The nature of the threatUncovered by security researcher Masashi Kikuchi earlier in May, the security vulnerability referred to as CVE-2014-0224 allows the attacker to decrypt and modify traffic from the compromised client and server. An advisory on the OpenSSL website states, “An attacker using a carefully crafted handshake can force the use of weak keying material in OpenSSL SSL/TLS clients and servers. This can be exploited by a man-in-the-middle (MITM) attack where the attacker can decrypt and modify traffic from the attacked client and server.”
Below, you can find interesting way used by 9GAG to explain how the bug works :
Threat containedWith so many eyes reviewing OpenSSL, the issue wasn’t expected to last for too long. After discovering and bringing the problem to light, Kikuchi helped develop a fix for the bug. Stephan Henson of the software’s core team finalized the fix produced by the security researcher before it was made available for download. Although the fix has primarily been developed for versions 1.0.1 and 1.0.1-beta1, users of earlier versions of OpenSSL software have also been advised to upgrade as a precaution.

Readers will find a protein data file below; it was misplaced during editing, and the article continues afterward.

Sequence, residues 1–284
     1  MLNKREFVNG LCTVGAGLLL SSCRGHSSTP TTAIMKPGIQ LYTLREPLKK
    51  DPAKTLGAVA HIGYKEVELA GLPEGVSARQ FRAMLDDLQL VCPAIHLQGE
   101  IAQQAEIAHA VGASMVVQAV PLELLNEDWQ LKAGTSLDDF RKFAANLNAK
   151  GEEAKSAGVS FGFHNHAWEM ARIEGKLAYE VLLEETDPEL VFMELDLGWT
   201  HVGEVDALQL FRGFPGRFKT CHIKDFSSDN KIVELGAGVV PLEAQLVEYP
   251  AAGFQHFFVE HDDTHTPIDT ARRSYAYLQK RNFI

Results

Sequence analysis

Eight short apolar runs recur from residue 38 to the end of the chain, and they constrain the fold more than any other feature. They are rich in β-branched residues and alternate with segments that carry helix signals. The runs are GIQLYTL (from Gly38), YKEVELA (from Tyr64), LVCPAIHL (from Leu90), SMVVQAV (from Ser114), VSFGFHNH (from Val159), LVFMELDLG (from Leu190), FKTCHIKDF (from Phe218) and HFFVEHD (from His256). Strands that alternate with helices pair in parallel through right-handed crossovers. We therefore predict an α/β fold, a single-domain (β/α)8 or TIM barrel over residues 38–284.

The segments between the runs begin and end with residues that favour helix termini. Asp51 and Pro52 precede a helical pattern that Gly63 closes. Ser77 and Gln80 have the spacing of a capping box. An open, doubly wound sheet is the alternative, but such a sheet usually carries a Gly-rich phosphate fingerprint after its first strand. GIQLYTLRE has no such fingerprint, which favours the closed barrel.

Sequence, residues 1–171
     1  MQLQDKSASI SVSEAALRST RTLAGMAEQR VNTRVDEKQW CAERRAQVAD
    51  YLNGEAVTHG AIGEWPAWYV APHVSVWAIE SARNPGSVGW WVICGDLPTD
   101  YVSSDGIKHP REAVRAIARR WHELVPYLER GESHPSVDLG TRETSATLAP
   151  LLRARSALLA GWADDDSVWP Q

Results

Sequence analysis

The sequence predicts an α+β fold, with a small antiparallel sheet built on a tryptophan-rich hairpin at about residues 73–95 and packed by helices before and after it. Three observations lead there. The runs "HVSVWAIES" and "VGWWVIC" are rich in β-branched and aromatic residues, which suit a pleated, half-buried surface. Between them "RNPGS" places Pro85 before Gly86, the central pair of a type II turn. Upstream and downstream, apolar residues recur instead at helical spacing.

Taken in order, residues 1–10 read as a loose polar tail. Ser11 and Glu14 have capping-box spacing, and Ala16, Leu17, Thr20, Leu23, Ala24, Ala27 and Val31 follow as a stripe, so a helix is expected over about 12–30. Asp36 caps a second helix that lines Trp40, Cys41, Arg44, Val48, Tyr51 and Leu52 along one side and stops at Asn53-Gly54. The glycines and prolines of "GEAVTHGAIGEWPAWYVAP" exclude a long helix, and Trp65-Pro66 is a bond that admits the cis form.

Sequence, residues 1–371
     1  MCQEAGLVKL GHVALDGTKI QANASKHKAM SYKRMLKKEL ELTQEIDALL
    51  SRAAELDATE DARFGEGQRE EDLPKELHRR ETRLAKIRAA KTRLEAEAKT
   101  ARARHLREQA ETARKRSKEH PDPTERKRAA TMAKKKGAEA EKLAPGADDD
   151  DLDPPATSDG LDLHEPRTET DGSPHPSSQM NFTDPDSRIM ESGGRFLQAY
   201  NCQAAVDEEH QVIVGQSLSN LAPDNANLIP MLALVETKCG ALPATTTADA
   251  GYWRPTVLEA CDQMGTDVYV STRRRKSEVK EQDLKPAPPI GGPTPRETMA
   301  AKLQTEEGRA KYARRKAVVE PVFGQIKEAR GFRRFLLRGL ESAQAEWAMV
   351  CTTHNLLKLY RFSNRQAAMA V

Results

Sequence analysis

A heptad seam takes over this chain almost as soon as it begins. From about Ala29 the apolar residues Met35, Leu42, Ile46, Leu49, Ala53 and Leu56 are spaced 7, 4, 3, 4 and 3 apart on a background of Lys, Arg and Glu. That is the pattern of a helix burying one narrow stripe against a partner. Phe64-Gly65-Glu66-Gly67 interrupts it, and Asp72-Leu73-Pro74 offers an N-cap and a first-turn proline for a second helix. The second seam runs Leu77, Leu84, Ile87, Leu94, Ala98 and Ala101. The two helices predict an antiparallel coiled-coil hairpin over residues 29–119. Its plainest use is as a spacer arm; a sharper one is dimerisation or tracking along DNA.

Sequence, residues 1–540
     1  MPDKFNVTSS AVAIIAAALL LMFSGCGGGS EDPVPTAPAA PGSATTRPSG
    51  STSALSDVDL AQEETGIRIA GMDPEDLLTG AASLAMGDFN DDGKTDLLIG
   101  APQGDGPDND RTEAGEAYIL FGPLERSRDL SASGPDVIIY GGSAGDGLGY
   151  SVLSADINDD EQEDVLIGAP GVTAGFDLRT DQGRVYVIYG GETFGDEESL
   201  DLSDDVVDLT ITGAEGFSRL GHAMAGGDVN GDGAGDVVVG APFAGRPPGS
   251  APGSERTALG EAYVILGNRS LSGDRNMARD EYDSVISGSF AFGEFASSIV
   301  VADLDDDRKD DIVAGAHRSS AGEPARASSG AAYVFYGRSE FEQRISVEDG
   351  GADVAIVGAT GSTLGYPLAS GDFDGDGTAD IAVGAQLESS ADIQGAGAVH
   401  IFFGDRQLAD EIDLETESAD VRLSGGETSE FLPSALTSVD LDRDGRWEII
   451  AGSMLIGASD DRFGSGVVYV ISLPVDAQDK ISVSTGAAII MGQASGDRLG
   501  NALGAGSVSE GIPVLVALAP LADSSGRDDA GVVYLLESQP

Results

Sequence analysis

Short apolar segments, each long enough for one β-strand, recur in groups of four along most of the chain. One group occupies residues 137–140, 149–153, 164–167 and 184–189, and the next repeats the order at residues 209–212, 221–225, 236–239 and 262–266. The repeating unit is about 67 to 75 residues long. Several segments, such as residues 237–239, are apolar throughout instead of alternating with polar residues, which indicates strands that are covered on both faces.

The OpenSSL core team has surely been kept busy this year. However, this is expected when dealing with a piece of software that has grabbed the attention of so many security researchers, who are all keen to make whatever contributions they possibly can to improve its security. This is just the sort of effort and collaboration that is required to fend off the threat of hackers, who also seem to be getting sneakier with every passing day. It remains to be seen just for how long the likes of OpenSSL would be able to block the path of those intent on gaining access to private communications of Internet users.